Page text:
Fence panel - total reconstruction with old strips

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Hombre 

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As the title might indicate, I have a bunch of thin timber feather edge strips from a number of six foot shiplap garden fences. I also have a sufficiency of lath, a few screws, a little time and a need for a fence panel.

The feather edge strips have been stood in the garage for a few years now - guilty as sin - and are dry as matchwood. What is the perceived wisdom regarding the next step? Answers preferably from those that actually know a little about the subject please but I have broad shoulders and stick my nose in every so often, so anyone is welcome to speculate or comment if you feel the need. The neighbours wouldn't appreciate the smoke so we can dispense with that notion perhaps. I may not be terribly happy, but I don't do getting offended - life is way too short. :)

Should I soak the strips for a few hours in warm water and leave to dry in the hope of regaining a bit of suppleness so that they don't shatter and split all over the joint when I put a nail or screw through them?

Postcards please on an answer, or vice versa. Genuine enquiry..

The weather was very grim, wet and windy last night but the temperature rose around 3am and the weather changed - for a while. Can't see the fence panel getting completed this year though! :cheers2:
 
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hedgerow pete 

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Firstly , do you want a hand to do it, as I am only round the corner?
fixings are the next part if you are going to use nails or staples then you can work with the timber dry as they will do very little damage, to use screws i would think to use a small pilot drill on the front side to help to ease the screws through, if you want to wet the timbers then throw the lot outside for a few days as the frost will wet them , or the bucket of water will help, if you do make it up dry i would make it 1/4" short on the width to prevent it sticking or splitting when it expands
 

Hombre 

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Many thanks for the advice Pete. I'll manage OK I think, but do appreciate your interest and your very kind offer of assistance. The lath that I have is the thicker of the two sizes, 1.5cm and 2.5cm, available I believe. So if I do it right, it shouldn't fall apart for quite a while. Screwing is planned.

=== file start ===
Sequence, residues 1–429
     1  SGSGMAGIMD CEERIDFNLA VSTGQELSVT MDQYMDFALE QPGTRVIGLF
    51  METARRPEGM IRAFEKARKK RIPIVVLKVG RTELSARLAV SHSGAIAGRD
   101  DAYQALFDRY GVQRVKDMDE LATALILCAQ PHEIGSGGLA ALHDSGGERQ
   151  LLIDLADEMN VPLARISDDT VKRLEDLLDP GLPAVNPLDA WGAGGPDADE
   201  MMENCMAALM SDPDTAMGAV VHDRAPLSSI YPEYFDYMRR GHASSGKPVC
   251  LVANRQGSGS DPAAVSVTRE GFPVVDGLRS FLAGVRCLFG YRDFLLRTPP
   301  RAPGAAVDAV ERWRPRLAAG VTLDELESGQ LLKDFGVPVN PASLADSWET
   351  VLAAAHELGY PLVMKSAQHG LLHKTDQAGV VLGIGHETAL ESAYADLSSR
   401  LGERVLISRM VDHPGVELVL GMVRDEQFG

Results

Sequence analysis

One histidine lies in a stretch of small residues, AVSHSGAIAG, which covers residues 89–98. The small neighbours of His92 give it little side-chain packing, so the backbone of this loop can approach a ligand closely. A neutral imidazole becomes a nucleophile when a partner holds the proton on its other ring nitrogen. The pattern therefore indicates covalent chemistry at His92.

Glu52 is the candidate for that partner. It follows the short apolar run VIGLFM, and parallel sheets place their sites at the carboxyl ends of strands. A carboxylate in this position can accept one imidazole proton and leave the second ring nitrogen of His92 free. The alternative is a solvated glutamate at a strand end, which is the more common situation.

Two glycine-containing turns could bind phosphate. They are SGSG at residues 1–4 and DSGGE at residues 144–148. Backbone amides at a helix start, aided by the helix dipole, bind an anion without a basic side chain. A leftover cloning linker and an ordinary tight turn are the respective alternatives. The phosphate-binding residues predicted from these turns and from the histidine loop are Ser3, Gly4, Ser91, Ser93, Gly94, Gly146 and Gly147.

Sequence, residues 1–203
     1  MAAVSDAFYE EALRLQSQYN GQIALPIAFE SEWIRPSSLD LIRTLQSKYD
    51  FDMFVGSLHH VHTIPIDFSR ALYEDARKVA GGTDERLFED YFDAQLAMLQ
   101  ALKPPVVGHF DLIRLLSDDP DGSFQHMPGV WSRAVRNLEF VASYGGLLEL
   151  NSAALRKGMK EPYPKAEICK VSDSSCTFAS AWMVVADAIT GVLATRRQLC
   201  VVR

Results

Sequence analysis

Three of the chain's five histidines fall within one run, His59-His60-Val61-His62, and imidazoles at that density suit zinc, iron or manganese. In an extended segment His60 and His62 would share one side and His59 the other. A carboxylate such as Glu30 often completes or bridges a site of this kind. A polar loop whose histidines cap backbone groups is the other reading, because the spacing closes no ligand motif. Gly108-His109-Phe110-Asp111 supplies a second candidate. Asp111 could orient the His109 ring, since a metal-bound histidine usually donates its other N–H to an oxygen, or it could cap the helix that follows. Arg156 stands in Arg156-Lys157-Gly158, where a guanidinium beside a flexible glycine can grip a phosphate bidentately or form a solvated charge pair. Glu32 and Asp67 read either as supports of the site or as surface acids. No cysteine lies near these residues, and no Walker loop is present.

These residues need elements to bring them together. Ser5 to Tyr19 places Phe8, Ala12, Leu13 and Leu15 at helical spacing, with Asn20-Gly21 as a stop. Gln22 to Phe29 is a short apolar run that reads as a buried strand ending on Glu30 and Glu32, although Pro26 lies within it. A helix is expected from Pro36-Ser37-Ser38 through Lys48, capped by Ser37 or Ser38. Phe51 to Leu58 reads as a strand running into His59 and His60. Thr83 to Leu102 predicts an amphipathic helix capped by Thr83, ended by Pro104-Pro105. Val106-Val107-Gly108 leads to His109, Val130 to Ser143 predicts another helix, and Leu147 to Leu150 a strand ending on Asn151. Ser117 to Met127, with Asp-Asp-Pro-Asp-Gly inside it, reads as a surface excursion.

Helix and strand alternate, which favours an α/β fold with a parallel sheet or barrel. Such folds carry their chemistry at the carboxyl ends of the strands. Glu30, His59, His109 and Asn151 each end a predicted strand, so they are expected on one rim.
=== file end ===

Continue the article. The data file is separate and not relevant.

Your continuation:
It isn't an essential bit of fence, but will be an advantage once it's up, but it's one of those jobs best done quietly. :)
 

RoofTops 

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I'll stick my oar in - won't you need to make some sort of jig to hold it all together as you weave in the strips? If so, and you only want one panel, is it worth the effort?

On the rehydrating front, you could just try painting/dipping the strips with Cuprinol or simliar. If they are that dry they would soak it up well and might then be bendy enough to work.
 

Hombre 

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I'm planning on marking on the ground and building it on the flat. It's shiplap fashion, not woven, but not as robust as the stuff used on sheds (not by a million miles). As the wood starts becomes slightly less thirsty i'm thinking of giving them a misting of cuprinol/white spirit.

I'm keeping the neat stuff for something that really matters, like bee boxes.

I'm probably a bit of a tight wad. A little bit of pinning will keep everything in place as the sandwich is completed by the top frame. A bit like framing a QX so the joints are overlapped and don't appear in exactly the same place.
 

oliver90owner 

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Carefully constructed a reply and the internet service was interrupted and it was all lost.

Basically, don't - unless wood is very, very good. BTDT. Buy a new panel.

Regards, RAB
 
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